Cut your time in purgatory by following pope on Twitter

If you need an indulgence for your sins, follow the pontiff at Catholic World Youth Day. But your click should come from the heart.

Pope Francis
Pope Francis waves to the faithful as he arrives at his summer residence in Castelgandolfo, Italy, on Monday. Andreas Solaro/AFP/Getty Images

If you're Christian, you might believe the keys to salvation are faith and good works. But a little Twitter might help get you to the Pearly Gates too.

You can now reduce the time your everlasting soul has to spend in purgatory by following tweets from Pope Francis and Catholic World Youth Day, an event held in Rio de Janeiro, Brazil, that the pontiff will attend later this month.

The policy is a form of indulgence, a centuries-old tradition in the Catholic Church in which the temporal punishment for absolved sins is relieved. Since it's a plenary indulgence, a believer gets total remission of sins and relief from penitence.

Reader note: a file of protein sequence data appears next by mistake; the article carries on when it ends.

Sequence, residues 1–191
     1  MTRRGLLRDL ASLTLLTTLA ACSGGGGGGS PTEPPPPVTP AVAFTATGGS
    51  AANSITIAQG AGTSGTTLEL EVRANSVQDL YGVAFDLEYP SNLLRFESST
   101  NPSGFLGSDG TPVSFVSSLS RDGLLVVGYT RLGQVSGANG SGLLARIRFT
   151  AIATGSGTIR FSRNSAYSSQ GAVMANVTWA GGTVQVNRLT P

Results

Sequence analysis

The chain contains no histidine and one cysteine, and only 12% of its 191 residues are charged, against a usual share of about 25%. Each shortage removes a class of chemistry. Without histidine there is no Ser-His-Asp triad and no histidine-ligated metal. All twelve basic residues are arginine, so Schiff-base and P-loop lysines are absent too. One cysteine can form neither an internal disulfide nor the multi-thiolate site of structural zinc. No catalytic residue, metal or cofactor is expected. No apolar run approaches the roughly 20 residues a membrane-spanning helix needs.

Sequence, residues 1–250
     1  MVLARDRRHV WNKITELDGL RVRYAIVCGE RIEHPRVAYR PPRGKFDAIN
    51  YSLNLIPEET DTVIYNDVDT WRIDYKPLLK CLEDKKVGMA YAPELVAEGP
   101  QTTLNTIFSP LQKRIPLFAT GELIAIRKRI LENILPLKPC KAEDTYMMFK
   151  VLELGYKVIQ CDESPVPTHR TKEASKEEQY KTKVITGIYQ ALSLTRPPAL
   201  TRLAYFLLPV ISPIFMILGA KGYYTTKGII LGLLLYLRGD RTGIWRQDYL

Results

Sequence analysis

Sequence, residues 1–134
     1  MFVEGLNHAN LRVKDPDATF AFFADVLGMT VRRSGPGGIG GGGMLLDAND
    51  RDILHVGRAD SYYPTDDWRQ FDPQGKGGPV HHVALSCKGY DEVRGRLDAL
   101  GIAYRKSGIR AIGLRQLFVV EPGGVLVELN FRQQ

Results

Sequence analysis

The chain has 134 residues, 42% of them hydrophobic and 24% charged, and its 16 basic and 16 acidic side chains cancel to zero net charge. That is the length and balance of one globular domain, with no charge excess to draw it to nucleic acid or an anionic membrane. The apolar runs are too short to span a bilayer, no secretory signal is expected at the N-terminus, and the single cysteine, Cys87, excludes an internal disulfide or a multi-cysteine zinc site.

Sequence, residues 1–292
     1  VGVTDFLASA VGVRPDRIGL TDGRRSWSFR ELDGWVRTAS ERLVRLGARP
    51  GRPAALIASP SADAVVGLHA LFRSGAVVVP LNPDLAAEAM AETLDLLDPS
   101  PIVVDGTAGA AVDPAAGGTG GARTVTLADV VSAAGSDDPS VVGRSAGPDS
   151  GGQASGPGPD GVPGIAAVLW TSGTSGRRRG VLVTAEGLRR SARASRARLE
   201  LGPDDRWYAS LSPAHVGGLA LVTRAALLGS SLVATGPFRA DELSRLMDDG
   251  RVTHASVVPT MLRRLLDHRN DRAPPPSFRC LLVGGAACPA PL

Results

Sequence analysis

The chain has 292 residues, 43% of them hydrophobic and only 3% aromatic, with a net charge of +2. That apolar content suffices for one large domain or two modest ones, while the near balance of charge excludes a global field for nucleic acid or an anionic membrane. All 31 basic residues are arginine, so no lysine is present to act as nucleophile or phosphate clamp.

But that doesn't mean you just click on "follow" and sin at will, according to the Italian newspaper Corriere della Sera.

"Get it out of your heads straight away that this is in any way mechanical, that you just need to click on the Internet in a few days' time to get a plenary indulgence," the daily quoted Claudio Maria Celli, president of the Pontifical Council for Social Communications, as saying.

"What really matters is that the pope's tweets from Brazil, or the photos of World Youth Day that will be posted on Pinterest, should bear authentic spiritual fruit in the hearts of each one of us."

"Then even a youngster who is a very long way from Brazil and feels involved by a video, a simple text message, or an e-mail will be truly taking part in the World Youth Day and will receive the gift of the indulgence."

The report quotes a Catholic decree concerning World Youth Day that says the faithful "can obtain the plenary indulgence...by the new means of social communication."

It went on to quote Paolo Padrini, a Catholic scholar known as the "iPriest" for always being online.

"Imagine your computer is a well-laden table where you can find tweets from Pope Francis, videos on YouTube, clips on Corriere.it, and Facebook postings from your friend in Brazil. That is the dinner that will nourish your spirit.

"Sharing, acting in unison, despite the obstacle of distance. But it will still be real participation and that is why you will obtain the indulgence. Above all because your click will have come from the heart."

(Via The Guardian)

 

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